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There is no right way to be a writer 

Well, it's the last day of November, which means lots of people are celebrating winning National Novel Writing Month - writing 50,000 words in 30 days. To all of those writers, I'd like to say congratulations!

I started out the month working on NaNoWriMo, but then I was so distracted by the election, I didn't get much done. I also committed to more freelance work than I actually should have and had to spend a lot of time doing that. And then I got to the point where I was desperately trying to finish my novel, Until the Night Falls, the sequel to Into the Shadows, my YA vampire paranormal romance. Revising everything I had already written became more important than writing and tracking new words, and I had the novel up for pre-order to be released on 12/29/2020. So I needed to send it to my editor, revise based on her feedback, and then have it proofread all by Christmas. So I ironically had to quit NaNoWriMo to finish my novel.

I spent most of the weekend trying to shape everything I had written into a somewhat cohesive novel, but at some point on Saturday, I realized it wasn't working, and I had to start completely over with a new document. (This isn't quite as dramatic as it sounds as I end up copy/pasting a lot of stuff I've already written but still.) I really wanted to avoid canceling my pre-order and postponing the release of the book as usually if you do that, Amazon won't let you use the pre-order feature for one year. It also felt like failing for me somehow. 

That got me thinking. Why did it feel like a failure? Was it because I had been comparing myself to indie writers who release five or ten or even twelve novels in a year? Was it because I was getting emails from writing coaches and successful authors talking about everything you HAVE to do to be a successful writer?

All throughout my studies of creative writing, I have heard so many "rules." Write every day. Don't start a novel with dialogue. Don't have a prologue. You have to create an outline first and plan everything out. But I have discovered that these rules are crap.    

Don't get me wrong, there are definitely rules for writing - the structure of storytelling, how to develop characters, how to show and not tell, etc. - just as there are for every art form. But every rule in writing can be broken. Sure, it means a lot more when you break the rules if you have a good understanding of them first, but when it comes to process, there are no rules. 

Maybe I'm just never going to be like those indie authors who write ten books a year. Maybe some years, I will write five books, and some years, I will write none. Maybe I go through phases where I write every day, and then I go weeks without writing. (Well, creative writing. I absolutely do write something every day - whether it's a journal entry or web content about metal roofing equipment or a blog post about writing process.) 

Maybe it's okay that I will have four or five different drafts before I even figure out the shape of the entire plot. Maybe it's okay that I always start with something that won't end up in the final version. Maybe that's just my process. 

As it turns out, Amazon has temporarily suspended the rules about canceling pre-orders so I won't even suffer any consequences for canceling my pre-order, except of course the refunds Amazon will give to the people who have already ordered the book. And it has been so long since the first book came out (February 2019) that a few more months won't make a difference I think. I still plan to do some promotions with Into the Shadows right before I release Until the Night Falls that will hopefully get readers excited, but I was going to do that anyway.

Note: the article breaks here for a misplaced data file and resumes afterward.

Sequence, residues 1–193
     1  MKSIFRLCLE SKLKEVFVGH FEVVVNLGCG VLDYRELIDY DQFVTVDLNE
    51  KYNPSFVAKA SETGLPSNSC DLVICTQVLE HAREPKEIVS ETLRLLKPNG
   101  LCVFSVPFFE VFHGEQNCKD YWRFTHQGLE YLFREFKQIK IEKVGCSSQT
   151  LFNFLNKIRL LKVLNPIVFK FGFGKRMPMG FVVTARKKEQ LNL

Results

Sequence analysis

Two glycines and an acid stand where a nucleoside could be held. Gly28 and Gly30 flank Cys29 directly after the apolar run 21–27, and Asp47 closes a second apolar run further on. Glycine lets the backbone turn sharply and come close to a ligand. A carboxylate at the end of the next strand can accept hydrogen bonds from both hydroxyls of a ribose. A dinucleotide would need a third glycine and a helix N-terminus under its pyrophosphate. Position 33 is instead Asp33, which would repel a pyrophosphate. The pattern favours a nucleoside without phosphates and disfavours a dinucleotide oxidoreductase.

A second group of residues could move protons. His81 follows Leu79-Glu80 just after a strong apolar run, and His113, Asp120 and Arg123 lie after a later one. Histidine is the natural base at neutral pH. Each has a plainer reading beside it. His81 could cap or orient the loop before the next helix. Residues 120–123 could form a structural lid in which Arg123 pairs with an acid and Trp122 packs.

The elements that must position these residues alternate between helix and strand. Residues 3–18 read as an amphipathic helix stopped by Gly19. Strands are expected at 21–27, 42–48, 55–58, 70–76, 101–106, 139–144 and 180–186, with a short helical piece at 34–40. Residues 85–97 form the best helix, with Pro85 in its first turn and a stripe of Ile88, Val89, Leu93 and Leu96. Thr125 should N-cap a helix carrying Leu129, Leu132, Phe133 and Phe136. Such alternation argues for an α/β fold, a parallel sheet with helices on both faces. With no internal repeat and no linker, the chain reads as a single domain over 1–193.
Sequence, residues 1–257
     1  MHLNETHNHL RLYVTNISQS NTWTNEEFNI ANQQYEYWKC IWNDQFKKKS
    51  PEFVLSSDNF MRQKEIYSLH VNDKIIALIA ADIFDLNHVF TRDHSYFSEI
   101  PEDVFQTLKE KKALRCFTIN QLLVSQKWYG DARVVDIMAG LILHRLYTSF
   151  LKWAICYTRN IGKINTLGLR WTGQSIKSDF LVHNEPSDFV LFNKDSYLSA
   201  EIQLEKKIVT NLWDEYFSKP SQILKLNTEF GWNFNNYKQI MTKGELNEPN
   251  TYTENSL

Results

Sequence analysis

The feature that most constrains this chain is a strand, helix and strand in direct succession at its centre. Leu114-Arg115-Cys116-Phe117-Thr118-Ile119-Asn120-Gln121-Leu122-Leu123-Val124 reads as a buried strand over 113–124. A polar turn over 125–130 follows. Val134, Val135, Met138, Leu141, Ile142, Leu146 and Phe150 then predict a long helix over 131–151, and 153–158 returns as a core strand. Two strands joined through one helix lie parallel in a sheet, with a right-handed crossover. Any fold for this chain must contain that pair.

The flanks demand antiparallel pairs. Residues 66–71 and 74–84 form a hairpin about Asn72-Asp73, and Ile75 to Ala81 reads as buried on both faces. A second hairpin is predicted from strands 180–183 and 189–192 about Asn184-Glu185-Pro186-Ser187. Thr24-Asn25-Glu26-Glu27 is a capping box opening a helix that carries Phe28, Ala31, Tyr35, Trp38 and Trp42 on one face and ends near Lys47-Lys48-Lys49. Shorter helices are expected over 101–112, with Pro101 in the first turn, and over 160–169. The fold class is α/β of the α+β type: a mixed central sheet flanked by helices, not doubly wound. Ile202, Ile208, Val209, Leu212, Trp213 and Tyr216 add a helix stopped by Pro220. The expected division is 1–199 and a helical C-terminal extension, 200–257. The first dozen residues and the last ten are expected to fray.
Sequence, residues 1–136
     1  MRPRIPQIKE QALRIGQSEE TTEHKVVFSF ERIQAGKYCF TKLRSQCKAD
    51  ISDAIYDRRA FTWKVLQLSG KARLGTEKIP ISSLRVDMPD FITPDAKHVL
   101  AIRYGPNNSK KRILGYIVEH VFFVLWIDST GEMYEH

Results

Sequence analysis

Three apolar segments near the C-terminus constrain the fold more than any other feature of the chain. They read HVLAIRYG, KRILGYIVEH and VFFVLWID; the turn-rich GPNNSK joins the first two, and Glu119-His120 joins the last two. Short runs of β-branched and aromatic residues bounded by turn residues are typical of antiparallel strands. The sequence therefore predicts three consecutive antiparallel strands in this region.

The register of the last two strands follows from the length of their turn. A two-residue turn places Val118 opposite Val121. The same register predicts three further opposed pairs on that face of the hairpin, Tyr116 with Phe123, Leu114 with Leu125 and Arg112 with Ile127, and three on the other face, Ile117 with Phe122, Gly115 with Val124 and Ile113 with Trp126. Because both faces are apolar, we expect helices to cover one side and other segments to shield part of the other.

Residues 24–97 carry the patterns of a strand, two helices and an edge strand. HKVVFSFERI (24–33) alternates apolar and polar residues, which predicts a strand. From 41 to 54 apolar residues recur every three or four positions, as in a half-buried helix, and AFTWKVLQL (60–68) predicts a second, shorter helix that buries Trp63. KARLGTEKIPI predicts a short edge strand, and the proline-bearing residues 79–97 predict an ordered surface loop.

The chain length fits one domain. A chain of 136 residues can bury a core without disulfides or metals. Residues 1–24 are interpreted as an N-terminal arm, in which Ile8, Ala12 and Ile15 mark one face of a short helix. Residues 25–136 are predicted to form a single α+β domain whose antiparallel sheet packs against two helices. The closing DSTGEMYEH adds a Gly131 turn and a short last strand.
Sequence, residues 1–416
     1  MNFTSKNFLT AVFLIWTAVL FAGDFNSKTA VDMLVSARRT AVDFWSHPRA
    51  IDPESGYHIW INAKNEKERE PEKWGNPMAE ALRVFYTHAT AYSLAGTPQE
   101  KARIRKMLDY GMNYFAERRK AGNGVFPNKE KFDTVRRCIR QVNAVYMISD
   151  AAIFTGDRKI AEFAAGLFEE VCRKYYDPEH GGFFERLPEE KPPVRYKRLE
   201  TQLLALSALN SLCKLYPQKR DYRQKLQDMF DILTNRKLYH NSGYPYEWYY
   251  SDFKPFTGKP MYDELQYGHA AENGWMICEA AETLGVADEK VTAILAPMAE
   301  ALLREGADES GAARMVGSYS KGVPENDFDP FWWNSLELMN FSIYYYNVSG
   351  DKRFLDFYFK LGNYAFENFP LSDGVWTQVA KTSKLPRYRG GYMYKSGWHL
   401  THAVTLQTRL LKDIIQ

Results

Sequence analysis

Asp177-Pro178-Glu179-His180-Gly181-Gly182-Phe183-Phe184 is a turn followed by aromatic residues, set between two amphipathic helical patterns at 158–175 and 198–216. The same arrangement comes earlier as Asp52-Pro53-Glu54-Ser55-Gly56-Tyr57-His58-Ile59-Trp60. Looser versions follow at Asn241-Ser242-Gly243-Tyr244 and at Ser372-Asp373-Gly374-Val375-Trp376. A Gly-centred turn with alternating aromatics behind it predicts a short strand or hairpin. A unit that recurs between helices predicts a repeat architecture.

So I just wanted to say to all the writers -- whether you won NaNoWriMo or didn't finish or didn't even do it at all this year -- whether you write every day or sometimes go entire months or even years without writing -- whether you are someone who flies by the seat of your pants and discovers the plot as you write or someone who meticulously plans and outlines beforehand -- whether you need silence to write or you have to write to music or the noise of crowds chattering (well, not during a pandemic, but in normal times) -- there is no right way to be a writer. Whatever works for you is what works for you.

Does that mean you should never try anything different or try to use a different writing process? No. Does that mean your process won't evolve and change? Of course not. But you also first need to accept where you are. Cut yourself some slack. Don't try to fit into someone else's box. Someone else's process is entirely theirs, and every writer is different. 

Sometimes, life is going to get in the way of writing, too. So have some self-compassion, and give yourself permission to be the kind of writer you are. 







How do you write like you're running out of time? 

I decided recently to go over to my parents’ house and deal with all of the stuff I’ve had there for YEARS that my mom has been telling me to deal with for YEARS.  

I knew I had a ton of journals I needed to get. I’ve been numbering my journals since I was 12, and I’m on #124 so… but I did not expect quite as much writing as I found. I found entire binders filled with handwritten poems I wrote when I was 12-14. (“I feel invisable” said one. With an “a”.) I found an entire (improperly formatted) screenplay I wrote when I was 19 or 20. I found several binders of handwritten stories between 60 and 100 pages written between ages 10 and 15. (One was called “Black Rose: The Return to Fernando.” Haha.) 

I found notebooks after notebooks with song lyrics and brainstorming for novels or plays. I found unfinished novels, unfinished plays. I found a binder with almost my entire livejournal printed out. I found notes for my album, Unsent Letters; I found notes from a rehearsal of Painted (“Everyone needs to learn their lines!”); and I found set lists from shows with Long Absent Friends or Novo Luna.  

A first draft of my play, The Spins

One of the aspects I’ve always loved about the show, Hamilton, is how prolific he was. “How do you write like you’re running out of time?” And I realized I have always done this. Which I have known obviously, but seeing the evidence of this was a little overwhelming. But overwhelming in a good way.